Anti-pelagian Writings by St. Augustine
Chapter 40.--When the Truth Must Be Spoken, When Kept Back.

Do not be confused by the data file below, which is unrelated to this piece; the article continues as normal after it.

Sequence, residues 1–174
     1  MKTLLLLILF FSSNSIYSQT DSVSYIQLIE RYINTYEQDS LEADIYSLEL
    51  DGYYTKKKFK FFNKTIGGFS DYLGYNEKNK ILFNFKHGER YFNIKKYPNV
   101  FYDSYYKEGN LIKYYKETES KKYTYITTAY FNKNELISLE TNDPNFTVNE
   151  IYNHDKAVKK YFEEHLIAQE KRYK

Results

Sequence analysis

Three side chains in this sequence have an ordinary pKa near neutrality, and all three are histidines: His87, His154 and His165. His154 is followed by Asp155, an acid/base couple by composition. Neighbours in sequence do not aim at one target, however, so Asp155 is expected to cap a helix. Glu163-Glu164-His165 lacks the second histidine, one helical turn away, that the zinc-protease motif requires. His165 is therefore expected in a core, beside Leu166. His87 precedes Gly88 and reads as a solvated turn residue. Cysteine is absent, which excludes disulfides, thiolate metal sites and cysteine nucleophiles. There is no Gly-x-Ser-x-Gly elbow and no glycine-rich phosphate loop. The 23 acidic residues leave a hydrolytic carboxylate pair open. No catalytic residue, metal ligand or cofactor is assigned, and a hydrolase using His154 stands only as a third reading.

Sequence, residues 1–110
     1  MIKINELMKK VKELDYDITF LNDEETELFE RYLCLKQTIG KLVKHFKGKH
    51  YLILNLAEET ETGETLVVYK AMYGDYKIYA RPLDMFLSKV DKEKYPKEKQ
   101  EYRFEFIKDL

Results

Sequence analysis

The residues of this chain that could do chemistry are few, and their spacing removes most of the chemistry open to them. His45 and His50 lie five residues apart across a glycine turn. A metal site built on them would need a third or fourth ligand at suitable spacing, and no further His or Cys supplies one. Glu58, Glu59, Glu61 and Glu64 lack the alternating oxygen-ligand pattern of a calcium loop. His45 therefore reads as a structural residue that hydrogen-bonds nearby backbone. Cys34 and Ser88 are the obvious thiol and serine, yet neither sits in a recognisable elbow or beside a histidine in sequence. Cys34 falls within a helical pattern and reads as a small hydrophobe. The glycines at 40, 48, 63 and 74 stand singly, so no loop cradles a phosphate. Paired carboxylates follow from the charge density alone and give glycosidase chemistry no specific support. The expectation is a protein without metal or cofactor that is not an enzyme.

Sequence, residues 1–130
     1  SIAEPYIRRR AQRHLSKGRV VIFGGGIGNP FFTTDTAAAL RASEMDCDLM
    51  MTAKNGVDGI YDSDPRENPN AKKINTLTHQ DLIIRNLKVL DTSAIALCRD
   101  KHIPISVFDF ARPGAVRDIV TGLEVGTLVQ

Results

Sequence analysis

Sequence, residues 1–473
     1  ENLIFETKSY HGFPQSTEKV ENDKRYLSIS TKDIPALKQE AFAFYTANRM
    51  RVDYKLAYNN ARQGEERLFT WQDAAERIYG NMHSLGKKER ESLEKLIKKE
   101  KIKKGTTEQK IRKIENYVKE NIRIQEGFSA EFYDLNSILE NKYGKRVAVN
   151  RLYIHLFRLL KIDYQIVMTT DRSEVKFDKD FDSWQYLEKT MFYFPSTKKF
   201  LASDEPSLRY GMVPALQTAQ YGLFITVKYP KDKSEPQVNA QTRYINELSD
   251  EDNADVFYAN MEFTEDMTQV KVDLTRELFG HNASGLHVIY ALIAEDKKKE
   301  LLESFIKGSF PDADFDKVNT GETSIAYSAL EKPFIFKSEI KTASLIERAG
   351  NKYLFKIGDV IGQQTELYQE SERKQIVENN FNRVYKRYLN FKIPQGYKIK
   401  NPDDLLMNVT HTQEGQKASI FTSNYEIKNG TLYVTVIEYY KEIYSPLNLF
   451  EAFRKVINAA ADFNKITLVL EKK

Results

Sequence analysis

Therefore let the truth be spoken, especially when any question impels us to declare it; and let them receive it who are able, lest, perchance, while we are silent on account of those who cannot receive it, they be not only defrauded of the truth but be taken captive by falsehood, who are able to receive the truth whereby falsehood may be avoided. For it is easy, nay, and it is useful, that some truth should be kept back because of those who are incapable of apprehending it. For whence is that word of our Lord: |I have yet many things to say unto you, but ye cannot bear them now|? And that of the apostle: |I could not speak unto you as unto spiritual, but as unto carnal: as if unto babes in Christ I have given you to drink milk, and not meat, for hitherto ye were not able, neither yet indeed now are ye able|? Although, in a certain manner of speaking, it might happen that what is said should be both milk to infants and meat for grown-up persons. As |in the beginning was the Word, and the Word was with God, and the Word was God,| what Christian can keep it back? Who can receive it? Or what in sound doctrine can be found more comprehensive? And yet this is not kept back either from infants or from grown-up people, nor is it hidden from infants by those who are mature. But the reason of keeping back the truth is one, the necessity of speaking the truth is another. It would be a tedious business to inquire into or to put down all the reasons for keeping back the truth; of which, nevertheless, there is this one, -- lest we should make those who do not understand worse, while wishing to make those who do understand more learned; although these latter do not become more learned when we withhold any such thing on the one hand, but also do not become worse. When, however, a truth is of such a nature that he who cannot receive it is made worse by our speaking it, and he who can receive it is made worse by our silence concerning it, what do we think is to be done? Must we not speak the truth, that he who can receive it may receive it, rather than keep silence, so that not only neither may receive it, but that even he who is more intelligent should himself be made worse? For if he should hear and receive it, by his means also many might learn. For in proportion as he is more capable of learning, he is the more fitted for teaching others. The enemy of grace presses on and urges in all ways to make us believe that grace is given according to our deservings, and thus grace is no more grace; and are we unwilling to say what we can say by the testimony of Scripture? Do we fear, forsooth, to offend by our speaking him who is not able to receive the truth? and are we not afraid lest by our silence he who can receive the truth may be involved in falsehood?